We recently completed a ten day cruise through the Panama Canal aboard the Island Princess. We chose this cruise specifically because of its itinerary and the ship’s reputation. Our primary interest in cruising is to find ships and itineraries of interest to us that provide a maximum number of interesting ports within the short time constraints allowed. This cruise stopped in 7 different countries (including port of embarkation), an unusual combination within 10 days.
Overall, this cruise did provide, for us, most all of what we had desired. We, as well as most everyone we met, rated it as very good, with little to be displeased about.
Crew & Staff: Room service was excellent, acceding to our every desire and needs (of which there were not too many). Service at every restaurant we visited was impeccable. The wait staff was exceedingly polite, and willing to provide for numerous creative food options not available on the menu. Service was prompt, food presentation outstanding. We did find that the fish at dinner was frequently overcooked. In addition, we found the food, though fine in quality, to be a bit bland.
Dining: Two types of dining are available in two different dining rooms, fixed time or any-time dining. We chose the anytime dining option since we normally have dinner between 7-7:30PM. We never had to wait too long to be seated, and specifically enjoyed being seated at tables with other passengers we had not previously known. (Seating for two is also available.)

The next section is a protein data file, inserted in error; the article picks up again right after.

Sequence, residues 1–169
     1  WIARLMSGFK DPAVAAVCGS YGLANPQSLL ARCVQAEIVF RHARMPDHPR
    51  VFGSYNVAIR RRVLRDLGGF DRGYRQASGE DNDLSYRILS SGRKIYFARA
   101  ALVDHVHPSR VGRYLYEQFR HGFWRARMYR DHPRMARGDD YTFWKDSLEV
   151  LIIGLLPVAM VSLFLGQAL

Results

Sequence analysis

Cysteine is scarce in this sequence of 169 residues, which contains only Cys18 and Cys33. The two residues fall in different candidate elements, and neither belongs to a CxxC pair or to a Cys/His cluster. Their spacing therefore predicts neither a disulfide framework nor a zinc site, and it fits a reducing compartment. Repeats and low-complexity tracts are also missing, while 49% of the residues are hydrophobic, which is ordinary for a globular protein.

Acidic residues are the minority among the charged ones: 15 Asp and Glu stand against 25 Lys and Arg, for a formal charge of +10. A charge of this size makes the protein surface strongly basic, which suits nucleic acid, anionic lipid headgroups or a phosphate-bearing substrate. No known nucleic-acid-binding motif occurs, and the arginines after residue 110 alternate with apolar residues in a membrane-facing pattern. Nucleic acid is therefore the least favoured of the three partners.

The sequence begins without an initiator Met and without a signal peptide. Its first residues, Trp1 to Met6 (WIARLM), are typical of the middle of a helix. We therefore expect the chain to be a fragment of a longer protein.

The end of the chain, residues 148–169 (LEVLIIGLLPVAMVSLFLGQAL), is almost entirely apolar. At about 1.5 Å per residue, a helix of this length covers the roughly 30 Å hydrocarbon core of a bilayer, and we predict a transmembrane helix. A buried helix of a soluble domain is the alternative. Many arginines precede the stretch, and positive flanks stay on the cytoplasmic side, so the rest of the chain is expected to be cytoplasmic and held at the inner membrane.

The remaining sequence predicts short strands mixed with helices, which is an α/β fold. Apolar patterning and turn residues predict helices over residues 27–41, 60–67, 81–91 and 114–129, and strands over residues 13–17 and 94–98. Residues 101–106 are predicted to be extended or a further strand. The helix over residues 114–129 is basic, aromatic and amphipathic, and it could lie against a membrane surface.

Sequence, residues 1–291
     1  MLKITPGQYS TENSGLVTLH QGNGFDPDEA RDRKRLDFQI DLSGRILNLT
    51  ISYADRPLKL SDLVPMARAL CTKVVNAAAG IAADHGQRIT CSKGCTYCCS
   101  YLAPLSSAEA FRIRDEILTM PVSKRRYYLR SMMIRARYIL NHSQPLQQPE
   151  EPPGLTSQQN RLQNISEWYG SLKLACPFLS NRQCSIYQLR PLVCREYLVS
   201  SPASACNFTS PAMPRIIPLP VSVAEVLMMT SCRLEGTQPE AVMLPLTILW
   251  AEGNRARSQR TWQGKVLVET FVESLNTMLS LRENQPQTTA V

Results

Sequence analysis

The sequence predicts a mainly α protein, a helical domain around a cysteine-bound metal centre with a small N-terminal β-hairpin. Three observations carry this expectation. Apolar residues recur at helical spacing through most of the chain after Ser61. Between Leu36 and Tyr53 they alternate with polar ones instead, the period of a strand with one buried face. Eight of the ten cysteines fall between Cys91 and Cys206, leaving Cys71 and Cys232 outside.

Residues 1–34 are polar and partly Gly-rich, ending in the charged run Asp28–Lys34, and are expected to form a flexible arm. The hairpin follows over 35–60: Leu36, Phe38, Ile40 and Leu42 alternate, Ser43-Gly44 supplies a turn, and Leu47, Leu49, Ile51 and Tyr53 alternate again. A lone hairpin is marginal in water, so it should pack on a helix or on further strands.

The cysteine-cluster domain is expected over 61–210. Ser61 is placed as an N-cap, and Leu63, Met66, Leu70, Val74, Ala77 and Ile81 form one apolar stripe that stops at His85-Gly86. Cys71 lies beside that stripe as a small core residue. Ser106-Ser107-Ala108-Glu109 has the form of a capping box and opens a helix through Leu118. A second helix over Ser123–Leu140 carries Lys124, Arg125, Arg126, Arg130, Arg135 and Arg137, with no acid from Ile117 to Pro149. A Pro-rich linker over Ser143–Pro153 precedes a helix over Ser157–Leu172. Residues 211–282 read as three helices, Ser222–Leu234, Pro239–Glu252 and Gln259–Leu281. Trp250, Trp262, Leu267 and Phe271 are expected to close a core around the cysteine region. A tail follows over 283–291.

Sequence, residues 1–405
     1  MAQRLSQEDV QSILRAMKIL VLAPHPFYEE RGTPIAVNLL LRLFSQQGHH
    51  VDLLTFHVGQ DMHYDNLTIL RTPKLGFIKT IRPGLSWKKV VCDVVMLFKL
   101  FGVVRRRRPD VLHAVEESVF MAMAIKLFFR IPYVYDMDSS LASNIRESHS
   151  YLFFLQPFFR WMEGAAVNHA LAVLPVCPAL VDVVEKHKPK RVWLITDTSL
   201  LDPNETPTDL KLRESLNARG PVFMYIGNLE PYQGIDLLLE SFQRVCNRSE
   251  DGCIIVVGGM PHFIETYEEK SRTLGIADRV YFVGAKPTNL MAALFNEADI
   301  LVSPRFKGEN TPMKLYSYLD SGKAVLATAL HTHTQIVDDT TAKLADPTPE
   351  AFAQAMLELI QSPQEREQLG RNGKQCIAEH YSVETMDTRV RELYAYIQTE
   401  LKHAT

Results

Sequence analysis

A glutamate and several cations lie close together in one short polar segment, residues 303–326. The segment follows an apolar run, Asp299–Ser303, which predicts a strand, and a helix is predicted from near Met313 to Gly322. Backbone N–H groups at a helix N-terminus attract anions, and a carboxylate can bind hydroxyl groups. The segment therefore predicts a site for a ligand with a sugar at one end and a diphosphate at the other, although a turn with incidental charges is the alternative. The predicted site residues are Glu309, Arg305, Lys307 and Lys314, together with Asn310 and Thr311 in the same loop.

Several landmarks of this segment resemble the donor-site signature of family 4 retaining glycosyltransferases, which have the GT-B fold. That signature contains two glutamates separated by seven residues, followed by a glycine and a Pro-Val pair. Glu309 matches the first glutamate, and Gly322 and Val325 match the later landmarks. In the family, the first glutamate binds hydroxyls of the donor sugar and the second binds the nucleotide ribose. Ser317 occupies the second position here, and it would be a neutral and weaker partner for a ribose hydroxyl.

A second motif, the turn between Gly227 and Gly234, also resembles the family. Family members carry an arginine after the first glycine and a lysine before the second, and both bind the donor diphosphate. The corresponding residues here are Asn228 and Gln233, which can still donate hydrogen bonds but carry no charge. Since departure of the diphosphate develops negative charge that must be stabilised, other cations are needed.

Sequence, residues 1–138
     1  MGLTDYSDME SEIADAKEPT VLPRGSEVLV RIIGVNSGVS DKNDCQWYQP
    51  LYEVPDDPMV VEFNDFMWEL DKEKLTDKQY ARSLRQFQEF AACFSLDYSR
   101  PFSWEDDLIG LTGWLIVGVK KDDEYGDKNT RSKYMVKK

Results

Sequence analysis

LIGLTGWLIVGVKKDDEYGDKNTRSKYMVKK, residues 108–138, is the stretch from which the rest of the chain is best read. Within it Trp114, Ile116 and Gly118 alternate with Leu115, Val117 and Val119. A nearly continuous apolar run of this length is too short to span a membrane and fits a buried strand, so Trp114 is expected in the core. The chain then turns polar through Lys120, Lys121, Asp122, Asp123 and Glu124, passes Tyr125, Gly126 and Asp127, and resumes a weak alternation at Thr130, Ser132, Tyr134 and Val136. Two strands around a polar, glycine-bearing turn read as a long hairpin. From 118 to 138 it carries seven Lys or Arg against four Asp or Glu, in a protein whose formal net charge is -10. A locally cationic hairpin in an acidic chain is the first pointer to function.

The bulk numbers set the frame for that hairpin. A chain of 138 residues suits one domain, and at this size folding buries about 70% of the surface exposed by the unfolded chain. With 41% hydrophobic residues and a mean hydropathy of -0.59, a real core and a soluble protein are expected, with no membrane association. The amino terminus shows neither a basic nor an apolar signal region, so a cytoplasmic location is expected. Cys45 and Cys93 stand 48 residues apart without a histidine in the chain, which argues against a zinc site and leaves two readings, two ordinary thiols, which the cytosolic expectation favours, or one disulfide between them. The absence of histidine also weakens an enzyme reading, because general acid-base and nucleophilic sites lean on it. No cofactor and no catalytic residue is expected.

One of us has diabetic constraints, and as a consequence rarely indulges in dessert. Not here however. We have never tasted sugar free desserts of such high quality.
We did appreciate the Princess policy of allowing passengers to bring their own wine. We brought a few bottles of our favorite wine, which we consumed during the cruise.
We cannot rate either of the specialty restaurants or the casino, since we partook of neither of them.
Trips: Shore excursions must be a Princess specialty. At each stop, there were numerous trips to choose from. (Of course, in addition at each port there were local guides capable of providing comparable tours at cheaper rates.) We did take a tour at each stop, and about half the time used the Princess-provided excursion. Unfortunately, most of the tours were a distance from the dock, requiring significant travel time. Overall, however, we were very satisfied with all our tours, learning much about each country we visited. We would have liked, however, to have had a talk, the day/night before, on each of the ports we were about to visit. (However, the series of talks on the Panama Canal were excellent. And the daily on-board newspaper did provide some minimal discussion of the next day’s visit.)
We would also have like a tour of behind the scenes operation of the ship. We did get to see the galley, but for any more, you need to pay $150 for the privilege. We think this (an intimate view of ship’s operation) should be a free option offered to all passengers.
Entertainment: Shows were excellent, though neither of us is too much into the glitz that seems to be popular on cruises. There were two shows involving comedians both of whom were very good. While at sea there was an excellent bridge instructor, who gave us numerous opportunities to enjoy the game with fellow passengers.
Our ship could not dock at one of the ports of call (Huatalco) due to the Tsunami in Chile which occurred that morning. This was disappointing, but understandable.
Overall, we were very pleased with this trip. Would we go on another Princess cruise ? Absolutely. In fact we left a deposit on the Island Princess for a future cruise of our choosing.